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Premier Health to close Good Samaritan Hospital in Dayton 

A city that has had its share of economic body blows took another one Wednesday with the news that Good Samaritan Hospital will close its doors by the end of the year and move 1,600 jobs out of the northeast Dayton neighborhood where it has served as an anchor for nearly a century.

The shocking news, announced Wednesday morning by Dayton-based Premier Health — Good Samaritan’s parent network — caught employees and city officials off-guard as few outside of Premier’s office suites apparently saw it coming.

“Not only was Good Sam an economic anchor to northwest Dayton, but they also were a neighborhood stabilizer,” said Dayton City Manager Shelley Dickstein. “We are gravely concerned about an exit of that anchoring presence.”

Premier said its goal is to offer all employees other positions in the company. But that isn’t much solace for the neighborhood around the massive complex, which was first constructed in 1928 and added onto many times since.

RELATED: Special Report: Million dollar paychecks for top hospital CEOs

The satellite locations – Good Samaritan North in Englewood and Good Samaritan Health Center Huber Heights – will stay open. The hospital’s federally qualified health center that is on site will also remain open, which officials said is a busy ambulatory center with primary care and as well as some specialists.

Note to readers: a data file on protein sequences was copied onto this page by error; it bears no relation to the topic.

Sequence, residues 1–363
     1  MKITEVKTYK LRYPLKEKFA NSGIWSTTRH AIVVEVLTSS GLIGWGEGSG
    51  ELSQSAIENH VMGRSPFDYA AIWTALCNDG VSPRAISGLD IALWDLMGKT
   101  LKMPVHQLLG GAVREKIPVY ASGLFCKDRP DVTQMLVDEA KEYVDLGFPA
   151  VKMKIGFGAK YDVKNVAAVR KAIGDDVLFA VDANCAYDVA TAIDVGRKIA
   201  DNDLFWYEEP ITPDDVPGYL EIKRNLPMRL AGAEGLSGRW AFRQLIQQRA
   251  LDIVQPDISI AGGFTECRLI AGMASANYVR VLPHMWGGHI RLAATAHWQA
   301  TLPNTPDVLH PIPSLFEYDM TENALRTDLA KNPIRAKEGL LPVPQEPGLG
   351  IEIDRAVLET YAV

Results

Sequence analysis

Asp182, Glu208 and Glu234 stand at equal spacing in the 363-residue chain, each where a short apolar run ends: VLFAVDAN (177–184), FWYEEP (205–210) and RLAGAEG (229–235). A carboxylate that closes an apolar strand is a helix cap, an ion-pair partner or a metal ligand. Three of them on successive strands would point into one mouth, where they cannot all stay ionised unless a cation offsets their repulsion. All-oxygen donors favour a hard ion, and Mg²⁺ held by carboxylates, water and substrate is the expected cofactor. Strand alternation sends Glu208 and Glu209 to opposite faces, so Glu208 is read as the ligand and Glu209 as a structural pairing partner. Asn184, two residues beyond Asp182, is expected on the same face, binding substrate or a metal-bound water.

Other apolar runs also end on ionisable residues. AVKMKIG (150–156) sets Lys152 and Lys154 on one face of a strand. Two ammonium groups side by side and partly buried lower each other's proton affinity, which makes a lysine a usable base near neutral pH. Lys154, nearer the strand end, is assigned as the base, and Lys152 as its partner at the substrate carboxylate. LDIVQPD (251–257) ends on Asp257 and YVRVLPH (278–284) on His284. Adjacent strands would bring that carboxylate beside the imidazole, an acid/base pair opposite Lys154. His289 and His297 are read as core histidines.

Premier CEO Mary Boosalis said the emotional decision to close the hospital wasn’t an easy choice.

“On a personal note, I can tell you that this is the most difficult but necessary decision that most of us ever have to make,” she said, adding: “The consequences of inaction are far too great because we know the status quo is unsustainable in this environment.”

Premier officials said the aging Good Sam campus is expensive to keep up and duplicates many services five miles from Miami Valley Hospital, another Premier-affiliate. The population in the surrounding neighborhoods are declining and the hospital is operating at half capacity, with Premier already shifting beds to other hospitals in the system.

RELATED: Good Samaritan Hospital closing: What we know now

Premier — the region’s largest private employer — operates three other hospitals and a large physician network goal.

But like other hospital networks across the country, Premier has been betting that their future isn’t more hospitals; it’s outpatient facilities and smaller health care centers.

The typical hospital stay has been getting shorter and the number of people needing to be hospitalized is down. Premier’s hospitals in Dayton are at about 50 percent capacity.

Declining reimbursements and a tumultuous health care climate in Washington, D.C. also have hospital systems like Premier feeling squeezed.

“Dayton, Ohio, is essentially a microcosm of the pressures you see in our industry nationally,” Boosalis said.

RELATED: Local leaders ‘saddened’ by announced hospital closing

The 2222 Philadelphia Drive hospital campus is aging and Boosalis said it would cost more than $90 million or more to keep the facility up to code over the next decade.